After over 30 years involvement in the Special Olympics movement, Lyn Ryan is showing no signs of slowing down after returning from the 2015 Los Angeles Special Olympics as the New Zealand Bocce coach.
Starting off as a parent helper, Lyn's dedication to Special Olympics sport has seen her take on a variety of voluntary roles before becoming the head coach of the New Zealand Bocce team - a ball sport similar to Petanque.
We caught up with Lyn to find out more about the 2015 Los Angeles Special Olympics and her life involvement in intellectual disabled sports.
How did you get involved in coaching with the Special Olympics?I have been involved for just over 30 years. I have a daughter and two sons with disability. When my daughter was eight I started coaching swimming because that had been my sport. So I joined in and started working with the swim team and then became treasurer. Special Olympics is a lifestyle for us. We only have a few weekends of the year free because the rest of the year is taken up with Special Olympics events.
What was the experience like at the 2015 Special Olympics in LA?It was awesome, the Games themselves were great. You had all these people around talking different languages and it was great to watch the Special Olympics athletes interact with other athletes from around the world. The Games were an opportunity for broader competition for the athletes.
Was it a step up for the NZ athletes?Yes it was, but our athletes were extremely well prepared. We found that people were using local rules and not the rules in the rule book. That was difficult for some competitors to adapt to, but our team was well skilled up in the rules and knew what to expect. The courts were similar to here which helped and the experience of playing against other people they have not encountered before was a good experience.
Can you tell us about Monique McEwan's special gold medal winning moment?Monique had just lost to a girl from Suriname but because they both had one loss, they had to play off for gold. The girl from Suriname thought it was all done and dusted and disappeared from the arena with her coach. I looked at Monique and said do you want to win the gold medal by default or would you rather play? She said I would rather play! Monique waited an hour for her opponent to get back to the venue. They had rushed over and weren't in a state to play, so we waited another 10 minutes for her to catch her breath then played. In the end Monique came out with the gold medal and a lot of prestige.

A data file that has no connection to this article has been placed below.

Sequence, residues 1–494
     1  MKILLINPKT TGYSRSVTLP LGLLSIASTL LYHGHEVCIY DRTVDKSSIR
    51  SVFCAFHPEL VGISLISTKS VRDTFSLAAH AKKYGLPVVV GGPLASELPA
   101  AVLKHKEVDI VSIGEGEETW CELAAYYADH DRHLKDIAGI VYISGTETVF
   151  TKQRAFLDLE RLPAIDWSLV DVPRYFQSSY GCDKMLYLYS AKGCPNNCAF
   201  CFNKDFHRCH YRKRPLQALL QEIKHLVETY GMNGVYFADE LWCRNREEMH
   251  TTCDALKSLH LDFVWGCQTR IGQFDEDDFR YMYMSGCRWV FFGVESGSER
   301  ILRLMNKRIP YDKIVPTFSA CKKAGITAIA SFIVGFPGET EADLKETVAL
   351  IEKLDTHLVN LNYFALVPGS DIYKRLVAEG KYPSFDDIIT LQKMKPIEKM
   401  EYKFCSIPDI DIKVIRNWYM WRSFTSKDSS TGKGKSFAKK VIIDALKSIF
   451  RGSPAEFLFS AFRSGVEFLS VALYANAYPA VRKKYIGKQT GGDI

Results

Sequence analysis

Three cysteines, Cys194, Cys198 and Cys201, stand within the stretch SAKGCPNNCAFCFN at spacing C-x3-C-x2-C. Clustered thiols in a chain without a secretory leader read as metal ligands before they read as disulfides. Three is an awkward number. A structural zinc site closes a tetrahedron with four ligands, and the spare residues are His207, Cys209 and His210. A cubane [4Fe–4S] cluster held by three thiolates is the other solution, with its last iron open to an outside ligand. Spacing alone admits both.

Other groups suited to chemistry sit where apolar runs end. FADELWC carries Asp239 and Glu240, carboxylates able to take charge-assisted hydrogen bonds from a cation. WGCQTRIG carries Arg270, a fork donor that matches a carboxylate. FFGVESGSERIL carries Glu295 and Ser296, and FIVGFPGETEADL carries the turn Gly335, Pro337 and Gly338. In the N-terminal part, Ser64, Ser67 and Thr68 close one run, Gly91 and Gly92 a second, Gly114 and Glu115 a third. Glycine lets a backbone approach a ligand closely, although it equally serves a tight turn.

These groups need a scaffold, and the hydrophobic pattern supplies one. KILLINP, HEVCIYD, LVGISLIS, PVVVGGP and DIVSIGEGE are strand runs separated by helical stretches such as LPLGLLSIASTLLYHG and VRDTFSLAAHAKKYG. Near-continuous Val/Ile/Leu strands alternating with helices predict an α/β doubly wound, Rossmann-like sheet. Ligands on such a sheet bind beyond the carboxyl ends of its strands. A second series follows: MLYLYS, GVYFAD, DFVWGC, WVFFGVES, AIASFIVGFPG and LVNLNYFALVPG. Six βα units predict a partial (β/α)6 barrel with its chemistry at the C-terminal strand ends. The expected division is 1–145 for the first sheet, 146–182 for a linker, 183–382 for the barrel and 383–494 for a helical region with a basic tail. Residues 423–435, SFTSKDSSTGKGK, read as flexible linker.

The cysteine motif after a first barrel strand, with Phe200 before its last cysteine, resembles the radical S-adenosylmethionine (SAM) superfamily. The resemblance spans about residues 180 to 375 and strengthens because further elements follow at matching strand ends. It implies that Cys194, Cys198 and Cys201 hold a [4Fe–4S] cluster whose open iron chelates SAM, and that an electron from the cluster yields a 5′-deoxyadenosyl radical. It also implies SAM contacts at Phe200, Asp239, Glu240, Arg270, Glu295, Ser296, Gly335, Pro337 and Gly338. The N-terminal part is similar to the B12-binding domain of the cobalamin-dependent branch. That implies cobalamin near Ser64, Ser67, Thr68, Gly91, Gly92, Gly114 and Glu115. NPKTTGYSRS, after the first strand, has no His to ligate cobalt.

What did it mean to the athletes to compete in the Games and take part in the ceremonies?It meant a huge amount. Trevor, one of my athletes, kept saying "I never thought I would ever get to go to one of these and I've got two medals!". Because of the sportsmanship Monique displayed in the gold medal match, she represented New Zealand on the red carpet at the closing ceremony. It meant a lot to her, she was really chuffed.
Will you continue your involvement with the Special Olympics?It's a lifestyle, my sons are heavily involved. They are involved in aquatics, basketball, skiing, bocce, football, golf. They do 6 or 7 different sports, so it really is a lifestyle for us. My husband works for Special Olympics NZ, his involvement started out when I had more children and he stepped into the committee locally. He went from the committee to being the regional sports coordinator and now the Manager of sports operations at Special Olympics New Zealand. Tomorrow is my day off work and I'm off to Hawkes Bay for a schools Bocce event.
Find out more about Special Olympics New Zealand at www.specialolympics.org.nz